The new decisions of the Basel Convention are still not in force in Germany. Merely the original setting of the decisions becomes ratified by Germany. Toxic waste exports, disguised as recycling, are still possible
The majority of the world is forced to act now. A general ban on exporting toxic waste from the area of the OECD to non-OECD countries is enforced of January 1st, 1998


November 1994

Scene of action: Germany

The public is aware of the issue. After several Greenpeace activities, the German Federal Ministry of Environment retrieves now 470 tons of toxic waste from Albania

Photo: Greenpeace

"Louise Green" is the name of a Dutch freighter. The ship brings back a freight of 450 tons of obsolete pesticides to Germany. After the arrival in the port of Hamburg the toxic waste was brought to several incinerators in Hesse and Bavaria. The remains were finally stored underground in Hessian Herfa-Neurode


1995

Bilateral contracts between poor countries and rich nations (such as Germany, Australia and Great Britain) are used to circumvent the Basel Convention


May 1995

Scene of action: India

Another case of toxic waste exports: Grillo Duisburg AG, producer of products in the metallurgy of zinc and sulfur chemical transports 2,400 tons of zinc ash after Bhopal / India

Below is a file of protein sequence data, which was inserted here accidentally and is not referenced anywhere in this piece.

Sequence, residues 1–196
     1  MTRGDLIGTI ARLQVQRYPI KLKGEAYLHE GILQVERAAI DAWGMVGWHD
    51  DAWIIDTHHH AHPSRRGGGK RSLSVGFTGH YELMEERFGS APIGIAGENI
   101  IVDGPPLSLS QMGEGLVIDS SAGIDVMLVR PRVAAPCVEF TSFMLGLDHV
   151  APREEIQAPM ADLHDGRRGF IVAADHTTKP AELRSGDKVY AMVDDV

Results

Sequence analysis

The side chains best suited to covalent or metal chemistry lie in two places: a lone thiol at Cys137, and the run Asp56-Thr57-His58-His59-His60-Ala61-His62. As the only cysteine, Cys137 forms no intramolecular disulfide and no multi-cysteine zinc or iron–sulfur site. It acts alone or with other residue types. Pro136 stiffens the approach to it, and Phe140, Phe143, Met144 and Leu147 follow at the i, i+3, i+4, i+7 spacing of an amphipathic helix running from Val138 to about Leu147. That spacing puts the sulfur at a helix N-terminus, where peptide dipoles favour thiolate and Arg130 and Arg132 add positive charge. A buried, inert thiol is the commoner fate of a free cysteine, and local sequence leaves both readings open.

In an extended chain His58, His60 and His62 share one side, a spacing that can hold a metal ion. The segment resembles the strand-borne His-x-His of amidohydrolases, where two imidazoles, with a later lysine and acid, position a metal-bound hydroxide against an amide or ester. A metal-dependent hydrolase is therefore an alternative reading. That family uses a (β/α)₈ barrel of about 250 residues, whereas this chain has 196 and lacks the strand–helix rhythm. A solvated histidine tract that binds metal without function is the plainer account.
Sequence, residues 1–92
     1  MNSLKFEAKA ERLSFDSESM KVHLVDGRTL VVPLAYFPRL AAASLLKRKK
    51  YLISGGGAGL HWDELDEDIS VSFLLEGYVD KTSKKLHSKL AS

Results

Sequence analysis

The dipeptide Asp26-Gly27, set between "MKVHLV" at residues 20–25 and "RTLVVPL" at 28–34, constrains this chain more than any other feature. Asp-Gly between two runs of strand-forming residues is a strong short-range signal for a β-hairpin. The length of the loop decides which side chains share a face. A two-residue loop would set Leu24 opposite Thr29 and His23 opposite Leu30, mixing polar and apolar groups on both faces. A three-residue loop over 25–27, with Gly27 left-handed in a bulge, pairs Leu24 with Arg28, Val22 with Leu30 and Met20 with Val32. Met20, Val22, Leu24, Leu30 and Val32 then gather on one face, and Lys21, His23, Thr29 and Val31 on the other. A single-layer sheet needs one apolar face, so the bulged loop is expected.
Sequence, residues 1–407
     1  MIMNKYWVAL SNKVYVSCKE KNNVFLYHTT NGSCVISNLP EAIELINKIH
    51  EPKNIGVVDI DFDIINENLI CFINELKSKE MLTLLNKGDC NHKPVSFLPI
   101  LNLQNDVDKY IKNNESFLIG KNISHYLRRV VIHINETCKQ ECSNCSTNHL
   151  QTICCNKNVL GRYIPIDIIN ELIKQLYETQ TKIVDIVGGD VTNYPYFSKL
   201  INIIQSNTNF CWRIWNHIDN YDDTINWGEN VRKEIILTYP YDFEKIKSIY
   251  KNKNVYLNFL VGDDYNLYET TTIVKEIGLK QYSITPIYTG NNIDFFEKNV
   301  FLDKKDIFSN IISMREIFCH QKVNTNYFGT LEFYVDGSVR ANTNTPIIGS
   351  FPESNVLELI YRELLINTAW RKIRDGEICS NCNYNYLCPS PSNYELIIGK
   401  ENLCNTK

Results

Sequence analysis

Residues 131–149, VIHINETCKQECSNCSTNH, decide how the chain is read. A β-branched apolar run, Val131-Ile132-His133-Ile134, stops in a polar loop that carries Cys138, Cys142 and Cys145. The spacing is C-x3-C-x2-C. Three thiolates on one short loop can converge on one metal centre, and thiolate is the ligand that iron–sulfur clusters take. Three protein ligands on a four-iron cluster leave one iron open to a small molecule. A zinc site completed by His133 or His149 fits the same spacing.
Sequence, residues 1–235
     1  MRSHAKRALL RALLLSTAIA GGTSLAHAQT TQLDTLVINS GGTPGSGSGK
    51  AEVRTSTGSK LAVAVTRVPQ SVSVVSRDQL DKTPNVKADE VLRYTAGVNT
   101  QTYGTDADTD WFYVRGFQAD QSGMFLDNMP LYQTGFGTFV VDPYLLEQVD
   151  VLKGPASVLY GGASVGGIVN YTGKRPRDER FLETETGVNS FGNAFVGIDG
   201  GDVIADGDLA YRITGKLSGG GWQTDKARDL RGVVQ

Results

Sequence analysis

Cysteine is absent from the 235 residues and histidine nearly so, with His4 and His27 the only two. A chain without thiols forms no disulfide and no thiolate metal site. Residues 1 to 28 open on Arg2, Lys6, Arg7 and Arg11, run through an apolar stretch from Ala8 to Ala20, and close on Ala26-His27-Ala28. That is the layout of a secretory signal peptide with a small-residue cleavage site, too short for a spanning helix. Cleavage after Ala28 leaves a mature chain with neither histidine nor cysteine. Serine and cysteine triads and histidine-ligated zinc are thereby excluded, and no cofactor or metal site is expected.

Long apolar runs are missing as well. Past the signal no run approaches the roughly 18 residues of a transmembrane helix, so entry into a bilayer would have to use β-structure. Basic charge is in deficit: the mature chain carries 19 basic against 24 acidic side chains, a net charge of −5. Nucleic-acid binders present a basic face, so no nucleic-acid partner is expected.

September 19th 1995

Scene of action: Geneva

The third Conference of the Parties decides in Geneva finally and indisputable under international law, the waste export ban of March 1994. Now all participating countries (including Germany) sign THE BASEL CONVENTION


Since 1995

The American Jim PUCKETT observed the activity on the global waste market since 1989. When the toxic waste campaign of Greenpeace was completed in 1995, he carried on. The environmental activist researched, documented, and also prevented global toxic waste trade. He operates his organization BAN - Basel Action Network from the United States. PUCKETT was active during the toxic waste campaign as co-ordinator of Greenpeace campaigner BERNSTORFF and is also head of the toxic waste department at Greenpeace International in Amsterdam 


1998

The prohibition decision of 1995 has now become within the European Union an EC Directive on Waste Shipments. Even for recycling purposes toxic waste is no longer allowed to be exported from OECD countries. Violations are punishable by up to ten years in prison


(MH)